Mrs. Adams gripped a math test, correcting mistake after mistake. Her oversized glasses slipped down her nose making it difficult for her to see the backwards numbers. Even after pushing them back into place, the child’s writing didn’t become any clearer.
She picked up another paper, placed marks here and there, sighing as she worked. The next paper, that of Shelly Winters, was one hundred percent correct. Mrs. Adams wrote a giant Excellent at the top in purple ink.
A smile crossed her face until she saw the next paper in the pile: Billy Chalmers. Something about that boy made her curly gray hair stand on end. She tried to like him, but it was difficult.
With furrowed brow she found Billy slumped in his desk chair. She sighed, knowing that his paper would be riddled with errors. She hated using all that red ink. No matter how many corrections she made, Billy made no improvement.
Mrs. Adams was not known to be kind. Her reputation was one of distributing cruel remarks and harsh with punishment toward those who offended her sensibilities. This was not a good quality in a second grade teacher. In fact, her personality worked in reverse: her students did not prosper and none of them developed a love of learning while in her classroom.
Students learned because they were terrified of the scathing words that signified Mrs. Adams’ displeasure. She never smiled, never offered praise or compliments on work well done. There was never any laughter in her classroom: students were to be seated quietly, at all times.
The only student who seemed to escape criticism was little Shelly. She was a bright, pleasant child, always clean and neatly dressed. Her mother was also the School Board President which was probably why Mrs. Adams never directed her wrath at the child.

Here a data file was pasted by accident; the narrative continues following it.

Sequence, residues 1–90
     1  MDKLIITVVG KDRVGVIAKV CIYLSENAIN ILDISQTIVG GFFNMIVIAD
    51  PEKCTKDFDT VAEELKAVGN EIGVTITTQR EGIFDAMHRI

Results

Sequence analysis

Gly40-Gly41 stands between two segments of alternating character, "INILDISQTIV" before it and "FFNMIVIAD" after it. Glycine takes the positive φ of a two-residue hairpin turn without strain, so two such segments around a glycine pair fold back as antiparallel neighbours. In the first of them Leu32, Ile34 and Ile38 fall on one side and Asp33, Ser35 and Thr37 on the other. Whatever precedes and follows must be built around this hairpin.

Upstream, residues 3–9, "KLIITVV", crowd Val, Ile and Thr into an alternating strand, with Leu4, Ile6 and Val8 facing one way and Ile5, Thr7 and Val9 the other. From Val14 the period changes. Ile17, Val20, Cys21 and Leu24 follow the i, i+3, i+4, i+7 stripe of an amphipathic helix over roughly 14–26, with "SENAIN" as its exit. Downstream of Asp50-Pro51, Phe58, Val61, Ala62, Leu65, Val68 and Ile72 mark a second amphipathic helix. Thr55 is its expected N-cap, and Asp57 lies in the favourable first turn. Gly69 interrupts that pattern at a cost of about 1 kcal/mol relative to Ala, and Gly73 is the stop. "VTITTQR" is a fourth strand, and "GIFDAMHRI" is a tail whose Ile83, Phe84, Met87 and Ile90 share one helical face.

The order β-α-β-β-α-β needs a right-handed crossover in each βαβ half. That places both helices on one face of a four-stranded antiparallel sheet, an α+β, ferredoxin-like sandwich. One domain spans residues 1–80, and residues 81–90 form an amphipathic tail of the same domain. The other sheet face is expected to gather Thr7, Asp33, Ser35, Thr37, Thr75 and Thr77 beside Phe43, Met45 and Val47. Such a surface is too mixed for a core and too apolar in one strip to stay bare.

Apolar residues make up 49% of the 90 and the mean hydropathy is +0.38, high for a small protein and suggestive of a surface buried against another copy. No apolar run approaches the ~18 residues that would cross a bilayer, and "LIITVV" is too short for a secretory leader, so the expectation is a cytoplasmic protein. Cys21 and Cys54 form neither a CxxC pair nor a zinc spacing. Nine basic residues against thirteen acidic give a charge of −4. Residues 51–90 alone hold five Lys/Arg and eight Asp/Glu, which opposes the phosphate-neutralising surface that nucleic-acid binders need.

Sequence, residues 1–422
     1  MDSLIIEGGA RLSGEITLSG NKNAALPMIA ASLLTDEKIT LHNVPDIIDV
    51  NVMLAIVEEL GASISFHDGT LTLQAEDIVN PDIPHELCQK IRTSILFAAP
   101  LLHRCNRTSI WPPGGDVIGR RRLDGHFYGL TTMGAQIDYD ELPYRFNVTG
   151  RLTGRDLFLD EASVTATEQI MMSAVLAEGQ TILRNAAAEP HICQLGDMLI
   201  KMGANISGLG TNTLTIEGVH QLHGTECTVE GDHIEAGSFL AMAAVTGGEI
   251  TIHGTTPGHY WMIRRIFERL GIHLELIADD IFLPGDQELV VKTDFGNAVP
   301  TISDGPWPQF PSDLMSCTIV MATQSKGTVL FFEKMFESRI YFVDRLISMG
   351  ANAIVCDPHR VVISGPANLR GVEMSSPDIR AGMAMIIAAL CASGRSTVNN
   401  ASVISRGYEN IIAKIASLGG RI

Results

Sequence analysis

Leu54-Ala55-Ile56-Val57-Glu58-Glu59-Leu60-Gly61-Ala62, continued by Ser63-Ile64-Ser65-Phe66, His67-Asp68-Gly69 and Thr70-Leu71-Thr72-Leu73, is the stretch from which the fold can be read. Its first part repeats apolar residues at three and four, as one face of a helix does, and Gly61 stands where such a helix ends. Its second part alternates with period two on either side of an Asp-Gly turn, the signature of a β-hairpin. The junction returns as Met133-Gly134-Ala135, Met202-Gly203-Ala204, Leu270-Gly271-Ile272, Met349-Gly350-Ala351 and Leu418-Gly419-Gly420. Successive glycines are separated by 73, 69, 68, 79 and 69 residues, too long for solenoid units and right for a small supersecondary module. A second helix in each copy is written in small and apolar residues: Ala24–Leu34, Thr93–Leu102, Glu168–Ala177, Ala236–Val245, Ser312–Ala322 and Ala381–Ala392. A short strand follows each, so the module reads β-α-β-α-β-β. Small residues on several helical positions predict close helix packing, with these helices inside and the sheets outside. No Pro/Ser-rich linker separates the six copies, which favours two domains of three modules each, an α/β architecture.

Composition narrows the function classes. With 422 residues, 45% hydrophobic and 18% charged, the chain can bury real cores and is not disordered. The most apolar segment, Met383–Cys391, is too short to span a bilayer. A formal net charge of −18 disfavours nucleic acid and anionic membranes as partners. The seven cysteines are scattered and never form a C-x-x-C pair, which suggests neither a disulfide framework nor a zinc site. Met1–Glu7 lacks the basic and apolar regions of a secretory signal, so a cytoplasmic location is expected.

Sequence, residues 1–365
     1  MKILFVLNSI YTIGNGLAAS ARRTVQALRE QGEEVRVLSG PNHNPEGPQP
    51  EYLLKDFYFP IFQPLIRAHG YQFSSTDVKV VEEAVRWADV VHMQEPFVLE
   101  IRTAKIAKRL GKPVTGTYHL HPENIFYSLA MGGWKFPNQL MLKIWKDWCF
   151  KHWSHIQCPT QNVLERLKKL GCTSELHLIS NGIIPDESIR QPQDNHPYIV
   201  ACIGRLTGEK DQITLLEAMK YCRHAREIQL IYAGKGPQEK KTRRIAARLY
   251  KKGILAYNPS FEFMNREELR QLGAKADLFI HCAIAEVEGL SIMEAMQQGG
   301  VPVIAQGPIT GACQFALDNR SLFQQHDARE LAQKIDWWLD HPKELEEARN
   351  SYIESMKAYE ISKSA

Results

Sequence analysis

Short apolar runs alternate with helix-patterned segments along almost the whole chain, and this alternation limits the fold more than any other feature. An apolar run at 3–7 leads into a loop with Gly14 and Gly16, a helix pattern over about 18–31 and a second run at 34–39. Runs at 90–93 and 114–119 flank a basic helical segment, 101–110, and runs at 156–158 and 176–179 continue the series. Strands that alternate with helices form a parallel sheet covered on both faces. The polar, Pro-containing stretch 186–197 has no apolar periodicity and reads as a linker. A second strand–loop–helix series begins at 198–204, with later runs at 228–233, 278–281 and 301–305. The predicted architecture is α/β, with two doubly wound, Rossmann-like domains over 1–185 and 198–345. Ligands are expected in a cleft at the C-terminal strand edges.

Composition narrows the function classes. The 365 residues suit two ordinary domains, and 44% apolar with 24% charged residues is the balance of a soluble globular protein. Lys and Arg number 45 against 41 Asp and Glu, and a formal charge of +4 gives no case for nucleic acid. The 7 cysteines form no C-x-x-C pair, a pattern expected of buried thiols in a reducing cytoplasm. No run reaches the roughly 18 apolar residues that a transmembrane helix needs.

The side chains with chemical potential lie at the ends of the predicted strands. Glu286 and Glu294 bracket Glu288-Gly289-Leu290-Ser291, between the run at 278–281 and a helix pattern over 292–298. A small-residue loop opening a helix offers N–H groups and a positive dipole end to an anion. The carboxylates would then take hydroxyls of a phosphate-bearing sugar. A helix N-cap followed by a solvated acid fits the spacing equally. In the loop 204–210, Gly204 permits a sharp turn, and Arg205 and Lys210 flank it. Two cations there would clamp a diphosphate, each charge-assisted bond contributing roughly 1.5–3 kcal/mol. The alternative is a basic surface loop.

Billy was not so lucky. His nose poured no matter the season. His clothes were torn and faded, his shoes had holes in the soles. His hair was greasy tangles that fell below his ears. Breath? Repulsive. There was nothing about Billy that motivated her to want to teach him. In fact, he repelled and disgusted her.
So when Mrs. Adams looked about the classroom and finding the student she sought, she commanded, “William Chalmers, come here immediately!”
“Yes, ma’am,” Billy said as he shuffled to the front of the room. As he stood next to his teacher’s desk, his downcast eyes begged for kindness..
“The answer to question number three is incorrect. Go back and fix it,” Mrs. Adams rumbled. She thrust Billy’s paper into his face, then without a word of encouragement waved him off and then returned to correcting the remaining tests.
Billy did not leave the side of her desk. Despite his fear of angering her, Billy mumbled, “But I don’t know the answer.”
“What did you say, young man?”
“I don’t know the answer, Mrs. Adams.”
She stared at Billy as she put down the pile of tests and picked up her spanking ruler in one svelte move. His eyes widened as the ruler rose far over his head, then came down with lightning speed on his left shoulder, striking with so much force that Billy fell to the floor.
“Get up off that floor, Mr. Chalmers, and quit sniveling.” She watched as a tearful Billy pushed himself into a standing position, picked up his now wrinkled paper, and turned toward his desk. “Do not approach this desk until you have completed the assignment.”